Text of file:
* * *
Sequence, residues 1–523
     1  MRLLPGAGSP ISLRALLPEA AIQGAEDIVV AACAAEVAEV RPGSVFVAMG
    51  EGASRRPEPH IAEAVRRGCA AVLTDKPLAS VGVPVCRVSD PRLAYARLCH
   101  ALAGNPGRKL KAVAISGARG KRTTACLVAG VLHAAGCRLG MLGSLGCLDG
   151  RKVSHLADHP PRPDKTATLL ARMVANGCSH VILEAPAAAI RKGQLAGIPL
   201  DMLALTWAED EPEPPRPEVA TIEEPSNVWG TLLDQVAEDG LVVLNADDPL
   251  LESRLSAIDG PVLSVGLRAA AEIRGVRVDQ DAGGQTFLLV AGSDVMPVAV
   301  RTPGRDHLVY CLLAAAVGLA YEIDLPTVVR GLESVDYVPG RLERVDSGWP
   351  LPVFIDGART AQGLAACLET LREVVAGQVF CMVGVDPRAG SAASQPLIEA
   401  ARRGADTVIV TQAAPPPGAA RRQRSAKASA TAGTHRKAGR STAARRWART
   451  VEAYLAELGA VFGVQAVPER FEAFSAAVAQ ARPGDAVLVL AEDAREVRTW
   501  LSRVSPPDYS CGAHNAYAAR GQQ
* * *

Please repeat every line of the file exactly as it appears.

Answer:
Sequence, residues 1–523
     1  MRLLPGAGSP ISLRALLPEA AIQGAEDIVV AACAAEVAEV RPGSVFVAMG
    51  EGASRRPEPH IAEAVRRGCA AVLTDKPLAS VGVPVCRVSD PRLAYARLCH
   101  ALAGNPGRKL KAVAISGARG KRTTACLVAG VLHAAGCRLG MLGSLGCLDG
   151  RKVSHLADHP PRPDKTATLL ARMVANGCSH VILEAPAAAI RKGQLAGIPL
   201  DMLALTWAED EPEPPRPEVA TIEEPSNVWG TLLDQVAEDG LVVLNADDPL
   251  LESRLSAIDG PVLSVGLRAA AEIRGVRVDQ DAGGQTFLLV AGSDVMPVAV
   301  RTPGRDHLVY CLLAAAVGLA YEIDLPTVVR GLESVDYVPG RLERVDSGWP
   351  LPVFIDGART AQGLAACLET LREVVAGQVF CMVGVDPRAG SAASQPLIEA
   401  ARRGADTVIV TQAAPPPGAA RRQRSAKASA TAGTHRKAGR STAARRWART
   451  VEAYLAELGA VFGVQAVPER FEAFSAAVAQ ARPGDAVLVL AEDAREVRTW
   501  LSRVSPPDYS CGAHNAYAAR GQQ